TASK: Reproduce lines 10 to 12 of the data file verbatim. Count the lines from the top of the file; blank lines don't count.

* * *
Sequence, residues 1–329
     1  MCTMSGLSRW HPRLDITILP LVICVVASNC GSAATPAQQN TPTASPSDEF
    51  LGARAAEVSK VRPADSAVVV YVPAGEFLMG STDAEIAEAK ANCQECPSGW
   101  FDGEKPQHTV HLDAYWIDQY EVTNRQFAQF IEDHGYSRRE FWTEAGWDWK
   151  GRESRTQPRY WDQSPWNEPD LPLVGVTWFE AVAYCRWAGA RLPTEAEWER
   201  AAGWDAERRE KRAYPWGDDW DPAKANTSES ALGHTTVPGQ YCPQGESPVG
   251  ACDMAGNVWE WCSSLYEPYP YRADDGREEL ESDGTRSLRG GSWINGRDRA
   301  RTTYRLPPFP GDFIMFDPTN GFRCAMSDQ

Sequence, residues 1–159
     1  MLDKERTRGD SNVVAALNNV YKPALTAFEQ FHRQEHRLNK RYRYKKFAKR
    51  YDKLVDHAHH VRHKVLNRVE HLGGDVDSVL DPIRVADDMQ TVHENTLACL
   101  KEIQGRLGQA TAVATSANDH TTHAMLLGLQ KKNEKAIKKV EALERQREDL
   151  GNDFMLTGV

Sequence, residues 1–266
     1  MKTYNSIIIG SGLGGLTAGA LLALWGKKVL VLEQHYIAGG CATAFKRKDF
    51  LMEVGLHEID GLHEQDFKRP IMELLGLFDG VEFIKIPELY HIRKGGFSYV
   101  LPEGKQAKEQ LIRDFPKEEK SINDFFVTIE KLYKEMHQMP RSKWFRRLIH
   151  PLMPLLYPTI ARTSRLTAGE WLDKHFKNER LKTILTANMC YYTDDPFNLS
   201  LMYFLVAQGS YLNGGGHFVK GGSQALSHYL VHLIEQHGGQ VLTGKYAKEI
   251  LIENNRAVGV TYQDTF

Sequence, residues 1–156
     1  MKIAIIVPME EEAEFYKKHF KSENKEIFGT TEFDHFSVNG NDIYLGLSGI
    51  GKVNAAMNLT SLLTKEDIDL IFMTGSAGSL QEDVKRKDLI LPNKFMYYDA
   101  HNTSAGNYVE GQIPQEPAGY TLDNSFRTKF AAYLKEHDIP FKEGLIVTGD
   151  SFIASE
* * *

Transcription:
     1  MLDKERTRGD SNVVAALNNV YKPALTAFEQ FHRQEHRLNK RYRYKKFAKR
    51  YDKLVDHAHH VRHKVLNRVE HLGGDVDSVL DPIRVADDMQ TVHENTLACL
   101  KEIQGRLGQA TAVATSANDH TTHAMLLGLQ KKNEKAIKKV EALERQREDL